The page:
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As the second anniversary of his installation approached, Archbishop Seán P. O’Malley spoke to The Pilot about the issues that have marked his second year as Archbishop of Boston — ranging from archdiocesan reconfiguration to the aftermath of the sexual abuse scandal to the challenges to Catholic moral teachings in the public arena.
At the time of his installation, July 30, 2003, the archdiocese was engulfed in the scandal prompted by revelations of sexual abuse of minors by members of the clergy.
Two years later, the archbishop recognized that, while no longer the focus of intense attention, the crisis “is still with us,” and the efforts are still ongoing to address the needs of victims and put safeguards in place.
At the national level, he said, the bishops have recently “fine-tuned” the policies approved in 2002 in Dallas to ensure the protection of children. At the archdiocesan level, the “Policies and Procedures for the Protection of Children” that were implemented in 2003 are also in the process of being updated and improved.
The archbishop, who last year expressed frustration at the slow pace at which the Holy See was processing cases of accused priests, said he is hopeful that they will be resolved in the near future.
"In Rome they are beginning to respond more quickly. Things should begin to move, at last, quicker. We all share the same anxiety as the priests who are waiting for answers to their cases," the archbishop said.
Six weeks after his installation, the archdiocese agreed to an $85 million settlement with 552 alleged victims of abuse, in what at the time was a record settlement. Since then, new victims have come forward. The archbishop told The Pilot that the archdiocese is expecting to resolve that pending issue in the near future.
He also expressed his hope that the abuse crisis in the Church increased general awareness of the sexual abuse of minors — a phenomenon that is not exclusive to the Catholic Church.
"Unfortunately, so much focus has been on the Church, that is gives the impression that this is only a Catholic problem; but this is a human problem, a societal problem," he said.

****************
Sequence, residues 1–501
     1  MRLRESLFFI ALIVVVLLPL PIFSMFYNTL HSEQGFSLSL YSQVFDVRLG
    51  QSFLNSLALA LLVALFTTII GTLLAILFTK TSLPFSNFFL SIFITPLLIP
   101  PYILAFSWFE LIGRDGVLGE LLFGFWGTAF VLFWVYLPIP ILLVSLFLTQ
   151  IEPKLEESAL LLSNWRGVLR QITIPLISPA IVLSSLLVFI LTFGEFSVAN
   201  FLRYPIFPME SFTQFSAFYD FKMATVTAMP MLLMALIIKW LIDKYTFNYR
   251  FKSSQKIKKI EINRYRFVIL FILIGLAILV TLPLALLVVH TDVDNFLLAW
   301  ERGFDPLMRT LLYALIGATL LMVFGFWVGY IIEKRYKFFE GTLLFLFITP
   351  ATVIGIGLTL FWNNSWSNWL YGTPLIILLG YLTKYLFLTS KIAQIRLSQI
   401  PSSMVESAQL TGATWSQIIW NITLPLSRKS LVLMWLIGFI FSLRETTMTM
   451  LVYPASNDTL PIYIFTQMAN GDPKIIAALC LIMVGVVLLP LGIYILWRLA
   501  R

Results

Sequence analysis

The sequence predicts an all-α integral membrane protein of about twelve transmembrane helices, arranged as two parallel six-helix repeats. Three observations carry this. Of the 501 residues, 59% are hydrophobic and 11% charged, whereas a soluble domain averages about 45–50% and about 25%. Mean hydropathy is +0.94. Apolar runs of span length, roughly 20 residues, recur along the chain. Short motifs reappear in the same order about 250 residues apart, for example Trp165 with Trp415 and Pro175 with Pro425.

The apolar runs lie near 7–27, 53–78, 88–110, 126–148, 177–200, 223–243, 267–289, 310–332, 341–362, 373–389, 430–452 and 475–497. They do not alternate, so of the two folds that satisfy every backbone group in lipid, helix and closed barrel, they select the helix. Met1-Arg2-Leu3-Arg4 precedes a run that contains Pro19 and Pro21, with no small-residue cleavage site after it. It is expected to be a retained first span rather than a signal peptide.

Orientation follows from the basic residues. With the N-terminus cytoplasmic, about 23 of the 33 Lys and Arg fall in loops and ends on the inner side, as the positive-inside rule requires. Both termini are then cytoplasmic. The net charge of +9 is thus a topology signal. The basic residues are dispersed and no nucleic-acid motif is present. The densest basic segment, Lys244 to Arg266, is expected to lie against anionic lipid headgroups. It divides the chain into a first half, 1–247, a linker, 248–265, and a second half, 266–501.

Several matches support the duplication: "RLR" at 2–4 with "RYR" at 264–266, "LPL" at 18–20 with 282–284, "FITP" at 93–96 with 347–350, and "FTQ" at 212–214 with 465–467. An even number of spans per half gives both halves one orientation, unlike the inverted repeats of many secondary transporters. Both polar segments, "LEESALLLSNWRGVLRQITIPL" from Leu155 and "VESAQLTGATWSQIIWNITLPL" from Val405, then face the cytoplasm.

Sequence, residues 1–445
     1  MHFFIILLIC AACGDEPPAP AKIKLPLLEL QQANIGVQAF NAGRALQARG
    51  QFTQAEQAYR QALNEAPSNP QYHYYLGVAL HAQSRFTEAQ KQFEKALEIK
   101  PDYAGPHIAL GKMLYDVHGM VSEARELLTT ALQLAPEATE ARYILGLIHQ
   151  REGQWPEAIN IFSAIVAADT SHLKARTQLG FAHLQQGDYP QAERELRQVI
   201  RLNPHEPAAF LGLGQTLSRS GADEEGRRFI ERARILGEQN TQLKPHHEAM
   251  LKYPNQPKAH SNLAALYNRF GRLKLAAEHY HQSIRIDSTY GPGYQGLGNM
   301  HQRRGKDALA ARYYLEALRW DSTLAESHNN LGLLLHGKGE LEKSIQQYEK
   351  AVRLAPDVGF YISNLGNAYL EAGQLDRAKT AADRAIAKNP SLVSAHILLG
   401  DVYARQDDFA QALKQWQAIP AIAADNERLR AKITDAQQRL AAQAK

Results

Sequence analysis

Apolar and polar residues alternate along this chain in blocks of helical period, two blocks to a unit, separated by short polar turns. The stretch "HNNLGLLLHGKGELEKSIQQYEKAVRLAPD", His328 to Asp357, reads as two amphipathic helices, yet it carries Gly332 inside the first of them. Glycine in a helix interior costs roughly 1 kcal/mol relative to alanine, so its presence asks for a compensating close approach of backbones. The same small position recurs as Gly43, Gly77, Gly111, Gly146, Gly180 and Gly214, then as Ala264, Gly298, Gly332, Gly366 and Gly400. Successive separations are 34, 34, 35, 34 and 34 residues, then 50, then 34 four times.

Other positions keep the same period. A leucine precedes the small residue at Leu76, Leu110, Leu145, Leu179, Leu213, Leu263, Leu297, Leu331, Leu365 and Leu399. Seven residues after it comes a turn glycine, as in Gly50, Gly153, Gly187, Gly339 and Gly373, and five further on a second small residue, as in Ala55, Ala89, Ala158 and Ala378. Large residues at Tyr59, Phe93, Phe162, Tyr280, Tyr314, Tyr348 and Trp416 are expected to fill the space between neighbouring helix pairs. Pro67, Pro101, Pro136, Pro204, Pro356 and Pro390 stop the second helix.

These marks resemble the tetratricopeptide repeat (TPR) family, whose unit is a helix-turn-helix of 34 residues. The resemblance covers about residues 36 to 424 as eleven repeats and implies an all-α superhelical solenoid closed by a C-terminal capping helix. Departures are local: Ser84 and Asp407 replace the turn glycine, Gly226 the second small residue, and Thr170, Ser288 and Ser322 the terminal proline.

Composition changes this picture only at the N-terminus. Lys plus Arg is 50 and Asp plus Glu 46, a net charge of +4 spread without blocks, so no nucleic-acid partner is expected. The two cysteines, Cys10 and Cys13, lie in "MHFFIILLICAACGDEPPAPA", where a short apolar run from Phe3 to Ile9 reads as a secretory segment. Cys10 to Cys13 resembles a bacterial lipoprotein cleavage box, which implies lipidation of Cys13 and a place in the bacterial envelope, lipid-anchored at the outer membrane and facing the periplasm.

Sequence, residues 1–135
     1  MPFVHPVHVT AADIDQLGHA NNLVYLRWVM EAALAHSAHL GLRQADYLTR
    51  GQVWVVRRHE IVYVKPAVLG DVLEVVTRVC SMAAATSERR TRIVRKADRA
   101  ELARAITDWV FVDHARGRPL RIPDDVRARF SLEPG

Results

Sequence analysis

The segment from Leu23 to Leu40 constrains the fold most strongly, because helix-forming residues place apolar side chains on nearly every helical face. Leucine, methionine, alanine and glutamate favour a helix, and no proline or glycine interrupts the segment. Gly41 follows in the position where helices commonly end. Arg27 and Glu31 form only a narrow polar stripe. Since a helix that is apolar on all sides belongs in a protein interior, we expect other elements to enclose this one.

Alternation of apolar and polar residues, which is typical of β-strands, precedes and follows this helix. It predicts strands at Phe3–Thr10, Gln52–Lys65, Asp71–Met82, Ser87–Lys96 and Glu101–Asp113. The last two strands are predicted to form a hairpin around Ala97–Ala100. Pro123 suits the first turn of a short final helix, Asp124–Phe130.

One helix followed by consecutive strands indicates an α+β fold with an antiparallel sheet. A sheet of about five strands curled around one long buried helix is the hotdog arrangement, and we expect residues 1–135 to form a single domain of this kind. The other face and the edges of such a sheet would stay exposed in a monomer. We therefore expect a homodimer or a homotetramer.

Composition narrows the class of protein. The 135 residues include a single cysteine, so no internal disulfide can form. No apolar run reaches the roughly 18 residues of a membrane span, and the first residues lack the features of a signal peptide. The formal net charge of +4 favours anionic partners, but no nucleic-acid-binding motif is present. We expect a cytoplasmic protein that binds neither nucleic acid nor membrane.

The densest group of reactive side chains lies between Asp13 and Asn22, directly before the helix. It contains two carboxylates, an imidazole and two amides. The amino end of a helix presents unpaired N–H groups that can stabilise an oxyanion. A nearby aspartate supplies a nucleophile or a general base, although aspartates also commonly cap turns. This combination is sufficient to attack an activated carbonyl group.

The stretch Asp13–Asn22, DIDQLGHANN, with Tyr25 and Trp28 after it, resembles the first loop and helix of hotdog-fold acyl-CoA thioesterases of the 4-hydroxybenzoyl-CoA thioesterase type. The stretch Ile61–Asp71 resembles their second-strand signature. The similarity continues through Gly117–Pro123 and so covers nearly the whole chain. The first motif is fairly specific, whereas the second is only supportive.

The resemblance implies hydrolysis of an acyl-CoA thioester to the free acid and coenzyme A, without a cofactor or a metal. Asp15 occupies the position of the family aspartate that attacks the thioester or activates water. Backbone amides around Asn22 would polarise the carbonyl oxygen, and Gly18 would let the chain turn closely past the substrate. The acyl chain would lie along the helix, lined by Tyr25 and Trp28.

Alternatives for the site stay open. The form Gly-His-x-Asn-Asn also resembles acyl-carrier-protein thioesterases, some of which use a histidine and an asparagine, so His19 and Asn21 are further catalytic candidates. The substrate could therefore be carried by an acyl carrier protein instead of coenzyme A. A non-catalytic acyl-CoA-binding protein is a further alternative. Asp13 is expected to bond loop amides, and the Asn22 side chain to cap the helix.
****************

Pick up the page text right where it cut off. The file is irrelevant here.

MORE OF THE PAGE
While Archbishop O’Malley spent much of his first year in Boston addressing the aftermath of the sexual abuse crisis, his second year was dominated by the implementation of the archdiocesan reconfiguration process.
On May 25, 2004 the archbishop announced plans to close 60 churches in an effort to reconfigure the resources of the archdiocese. The decreasing number of priests, the decaying church buildings, reduced financial resources and changing demographics were cited to explain the need for archdiocesan reconfiguration.
The implementation of reconfiguration proved to be more difficult than anticipated. While most parishes closed peacefully and parishioners moved to welcoming parishes, others vociferously protested their closing decisions. Beginning in August 2004, groups of parishioners at closing parishes occupied buildings, sued the archdiocese in civil court challenging the ownership of the parish property, and carried out other forms of protest.
"I did not expect it to be easy, but I did not expect it to be so contentious," the archbishop said.
He said the process through which parish closings were decided was carried out with “very broad consultation.” In his decision making process, he said he tried to “very closely” follow the recommendations of the archdiocese’s Presbyteral Council and of the Central Committee for Reconfiguration, a group of approximately 20 members that advised the archbishop on the closings.
"I didn't have any prejudice one way or the other on what parishes had to close or remain open," he said.
A pivotal moment in the parish closure process came last October when, in the face of mounting opposition, the archbishop appointed a committee of mostly lay people — known as the Meade-Eisner committee — to provide him with recommendations on how to improve the closing process. Subsequently, their mandate was expanded to review the most contentious closings and to provide recommendations in those cases.